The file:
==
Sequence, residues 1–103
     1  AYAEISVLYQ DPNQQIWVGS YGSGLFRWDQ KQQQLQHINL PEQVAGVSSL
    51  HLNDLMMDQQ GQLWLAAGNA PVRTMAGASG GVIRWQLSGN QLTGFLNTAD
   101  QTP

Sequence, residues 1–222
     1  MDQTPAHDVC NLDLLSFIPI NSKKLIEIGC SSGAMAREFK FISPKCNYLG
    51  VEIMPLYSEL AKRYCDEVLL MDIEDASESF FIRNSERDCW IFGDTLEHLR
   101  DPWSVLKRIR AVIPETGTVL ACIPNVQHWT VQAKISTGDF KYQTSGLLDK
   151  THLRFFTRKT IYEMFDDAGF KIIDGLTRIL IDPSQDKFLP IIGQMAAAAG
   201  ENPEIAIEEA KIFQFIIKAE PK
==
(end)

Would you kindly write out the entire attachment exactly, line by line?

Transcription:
Sequence, residues 1–103
     1  AYAEISVLYQ DPNQQIWVGS YGSGLFRWDQ KQQQLQHINL PEQVAGVSSL
    51  HLNDLMMDQQ GQLWLAAGNA PVRTMAGASG GVIRWQLSGN QLTGFLNTAD
   101  QTP

Sequence, residues 1–222
     1  MDQTPAHDVC NLDLLSFIPI NSKKLIEIGC SSGAMAREFK FISPKCNYLG
    51  VEIMPLYSEL AKRYCDEVLL MDIEDASESF FIRNSERDCW IFGDTLEHLR
   101  DPWSVLKRIR AVIPETGTVL ACIPNVQHWT VQAKISTGDF KYQTSGLLDK
   151  THLRFFTRKT IYEMFDDAGF KIIDGLTRIL IDPSQDKFLP IIGQMAAAAG
   201  ENPEIAIEEA KIFQFIIKAE PK